I prefer slowly cooked beef shanks for plain khashlama and leg of lamb for festive version. A slow cooker/crock pot is the most convenient device to make this dish. Otherwise, assemble vegetables and meat layers in an iron pot, start on the stove to bring water to boiling and finish in the 300F oven by slowly cooking for another 3-4 hours. There is also a version when meat is cooked first; then it is layered with vegetables in small ceramic or clay pots and cooked in the oven to serve khashlama individually portioned. In this case, it only takes 1-1.5 hours in the oven — just to cook vegetables.
It’s raining, it’s gloomy and dark, perfect weather to eat a bowl of steamy hot Pho Bo — to warm your soul, to wake up your tastebuds! Last year, I made my the first and the best Pho at home, because it was 100% to my taste. I also managed to adjust the recipe logistics to a busy lifestyle. In other words, no need to stay hours in the kitchen to enjoy a bowl of good Pho Bo at home.
There are many good Pho recipes available online. My version is based on Andrea Nguyen’s Beef Pho Noodle Soup Recipe (Pho Bo), where you can find a lot of detailed information about Pho.
Rumbledethumps is a traditional dish from the Scottish Borders. The main ingredients are potato, cabbage, and onion. Mashed potatoes are mixed with lightly sautéed shredded onions and cabbage, seasoned, topped with grated cheddar, and baked until the cheese is melted and golden brown.
This salad is about duck. In France, if it is made of duck from Landes region (south of Bordeaux), its name is Landaise. My version features duck gizzards confit, cured and lightly smoked duck breast, and foie gras torchon or duck liver pate (depends on budget) slices on French baguette toasts. For greens I prefer a mix of sweet leafy vegetables and arugula, lightly dressed with classic French vinaigrette (EVOO, honey, Dijon mustard, red wine vinegar). I tried different additional elements like tomatoes, asparagus, and hard-boils eggs, but the only one I really liked was cucumber. This salad is part of my Mosel & Alsace Menu.
This recipe is part of Pizza Party cooking class and tasting event. If you are a fan of flammkuhen, you won’t have doubts where the idea of this pizza comes from. Just change the dough and add eggs to transform flammkuchen to a perfect breakfast pizza! See the irony of making parallels between flammkuchen/tarte flambée and pizza? (wink-wink)
Charring eggplants on grill, open fire, under the broil/salamander, or inside special kitchen devices (e.g., Bulgarian chushkopek) is known and widely used around the world for a reason. Burning and peeling off skin definitely improves the texture of grilled vegetables, but more than anything we crave for that sweet smokiness added to the eggplant flavor. The beginning and the basics are the same — grill, peel, slice/chop/mash. Sauces, spices, herbs, seeds, nuts, and other added vegetables make the difference, turn grilled eggplants into a dish that belongs to a specific cuisine.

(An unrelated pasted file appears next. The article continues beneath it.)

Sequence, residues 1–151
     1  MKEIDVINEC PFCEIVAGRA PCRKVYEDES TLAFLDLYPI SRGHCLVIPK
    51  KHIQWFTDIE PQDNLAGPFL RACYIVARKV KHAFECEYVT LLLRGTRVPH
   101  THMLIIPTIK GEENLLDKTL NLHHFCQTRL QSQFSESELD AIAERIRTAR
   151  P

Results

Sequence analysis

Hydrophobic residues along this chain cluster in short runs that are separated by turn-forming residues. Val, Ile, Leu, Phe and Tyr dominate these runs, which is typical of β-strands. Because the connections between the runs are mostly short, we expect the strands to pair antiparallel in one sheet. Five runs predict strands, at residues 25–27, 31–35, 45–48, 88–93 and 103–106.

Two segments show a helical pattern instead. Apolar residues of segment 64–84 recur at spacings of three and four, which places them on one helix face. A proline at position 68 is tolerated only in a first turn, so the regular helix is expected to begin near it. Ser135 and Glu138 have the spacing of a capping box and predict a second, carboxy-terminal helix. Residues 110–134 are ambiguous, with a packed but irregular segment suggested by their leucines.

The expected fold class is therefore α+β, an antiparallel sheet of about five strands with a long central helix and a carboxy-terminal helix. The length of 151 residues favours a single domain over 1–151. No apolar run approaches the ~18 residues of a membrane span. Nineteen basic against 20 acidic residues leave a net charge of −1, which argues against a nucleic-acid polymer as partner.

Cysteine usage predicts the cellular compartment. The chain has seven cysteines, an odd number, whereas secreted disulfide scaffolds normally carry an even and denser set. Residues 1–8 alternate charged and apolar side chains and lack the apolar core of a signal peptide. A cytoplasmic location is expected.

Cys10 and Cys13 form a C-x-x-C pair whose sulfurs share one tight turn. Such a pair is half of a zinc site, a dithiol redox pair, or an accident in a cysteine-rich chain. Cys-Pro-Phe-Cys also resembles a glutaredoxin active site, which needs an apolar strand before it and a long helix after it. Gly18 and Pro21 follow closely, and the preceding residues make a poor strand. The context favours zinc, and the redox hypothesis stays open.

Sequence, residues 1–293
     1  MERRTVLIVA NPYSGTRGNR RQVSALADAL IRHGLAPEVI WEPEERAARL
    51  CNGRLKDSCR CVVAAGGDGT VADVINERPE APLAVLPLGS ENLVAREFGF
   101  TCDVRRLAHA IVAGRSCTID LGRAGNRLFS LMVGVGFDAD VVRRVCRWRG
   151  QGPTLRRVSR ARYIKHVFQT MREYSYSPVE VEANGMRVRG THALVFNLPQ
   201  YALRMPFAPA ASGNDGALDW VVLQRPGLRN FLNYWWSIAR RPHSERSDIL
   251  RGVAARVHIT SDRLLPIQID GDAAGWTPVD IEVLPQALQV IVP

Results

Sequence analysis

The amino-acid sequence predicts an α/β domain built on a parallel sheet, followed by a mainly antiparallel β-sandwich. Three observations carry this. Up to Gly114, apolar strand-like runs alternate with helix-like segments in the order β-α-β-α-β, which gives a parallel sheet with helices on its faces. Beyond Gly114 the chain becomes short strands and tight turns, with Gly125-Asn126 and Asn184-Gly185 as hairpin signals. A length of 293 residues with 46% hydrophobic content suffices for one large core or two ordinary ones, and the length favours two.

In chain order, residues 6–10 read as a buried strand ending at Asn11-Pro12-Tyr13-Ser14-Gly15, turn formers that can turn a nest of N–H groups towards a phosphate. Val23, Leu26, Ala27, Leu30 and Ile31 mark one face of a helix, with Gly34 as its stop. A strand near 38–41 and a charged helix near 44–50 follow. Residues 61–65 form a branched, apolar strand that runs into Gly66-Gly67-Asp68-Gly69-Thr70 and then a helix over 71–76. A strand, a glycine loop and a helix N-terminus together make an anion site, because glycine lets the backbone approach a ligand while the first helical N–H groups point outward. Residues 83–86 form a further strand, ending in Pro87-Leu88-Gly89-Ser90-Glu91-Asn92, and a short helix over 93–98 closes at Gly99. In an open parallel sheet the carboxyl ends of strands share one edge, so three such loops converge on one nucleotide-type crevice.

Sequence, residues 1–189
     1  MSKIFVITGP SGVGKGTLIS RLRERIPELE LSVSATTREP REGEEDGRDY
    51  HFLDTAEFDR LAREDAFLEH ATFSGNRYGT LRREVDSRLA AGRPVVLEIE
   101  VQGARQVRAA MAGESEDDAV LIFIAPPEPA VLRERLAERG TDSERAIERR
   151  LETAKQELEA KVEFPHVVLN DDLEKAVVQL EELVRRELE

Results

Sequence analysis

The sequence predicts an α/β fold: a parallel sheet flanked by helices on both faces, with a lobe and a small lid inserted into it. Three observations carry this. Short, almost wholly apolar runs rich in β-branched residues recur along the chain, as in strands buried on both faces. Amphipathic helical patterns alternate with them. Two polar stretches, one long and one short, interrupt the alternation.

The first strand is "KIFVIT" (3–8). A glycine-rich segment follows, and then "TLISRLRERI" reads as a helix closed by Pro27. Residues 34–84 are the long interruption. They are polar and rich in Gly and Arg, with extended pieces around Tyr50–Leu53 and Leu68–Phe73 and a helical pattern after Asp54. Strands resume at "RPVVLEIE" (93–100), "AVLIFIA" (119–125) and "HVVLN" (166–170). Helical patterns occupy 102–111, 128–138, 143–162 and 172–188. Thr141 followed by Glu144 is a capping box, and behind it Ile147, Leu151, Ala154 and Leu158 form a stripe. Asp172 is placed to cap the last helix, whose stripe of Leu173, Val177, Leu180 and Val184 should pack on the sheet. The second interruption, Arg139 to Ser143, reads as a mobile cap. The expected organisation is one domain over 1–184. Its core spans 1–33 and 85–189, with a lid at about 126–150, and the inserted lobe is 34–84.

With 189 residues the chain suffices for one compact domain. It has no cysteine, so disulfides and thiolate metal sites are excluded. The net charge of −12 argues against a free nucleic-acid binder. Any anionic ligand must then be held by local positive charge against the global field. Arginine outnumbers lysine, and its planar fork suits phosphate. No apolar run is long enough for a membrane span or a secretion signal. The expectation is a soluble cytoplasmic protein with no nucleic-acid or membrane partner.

My first mistake was to buy these tomatoes. I keep assuming everything on Farmers Market should taste good. They looked so beautiful, but the taste had nothing to do with their looks — watery and diluted. The only way to make them more or less enjoyable was to concentrate their flavor by partial dehydration, by making something similar to sun-dried tomatoes. Then I’ve made another mistake — left them in the oven for too long, and they turned into completely dry chips. Using plain Noosa yogurt to reconstitute some of their moisture became a brilliant idea! Alternated layers of dry tomatoes and yogurt created an equilibrium of texture and flavors the next day. It could’ve been mistaken for salami with unusually layered “meat” and “fat”… Or could it?
I think it was a special game for our instructor chef J to teach us how to turn what school provided into delicious and well presented meals. It became a tradition for many other our shift students and teachers to come and eat at the end of the class what was cooked in our lab. Our burgers were not an exception. Chef J explained every element of successful burger meal, from meat to bun and to everything sandwiched in between. From that point, I could make my own perfect burger, adjusted to my personal taste. That’s what I do every 4th of July.
This recipe is part of Easy Smoked Meals at Home coming cooking class.
This recipe is part of the Taste of Thai cooking classes (BLOCK 1: Sense of Cuisine. Introduction to Thai flavors, curry pastes, nam phrik kaeng). Pineapple rice is simple to make either for 2-3 people, or for a big crowd. It can be plated or beautifully served in halved pineapple boats. It’s a good way to use cooked long grain rice leftovers, as well as cooked lean meats, poultry, seafood, and vegetables. Personally, I cook all the ingredients for this dish form scratch. There are recipes that use only fish sauce and white pepper for seasoning. They are good for those who can’t tolerate any heat. I prefer variations with Thai green, red, and yellow curry pastes, adding more or less of them depending to my guests requests for the level of heat. I tried many ways to cook and serve this dish — all of them are delicious!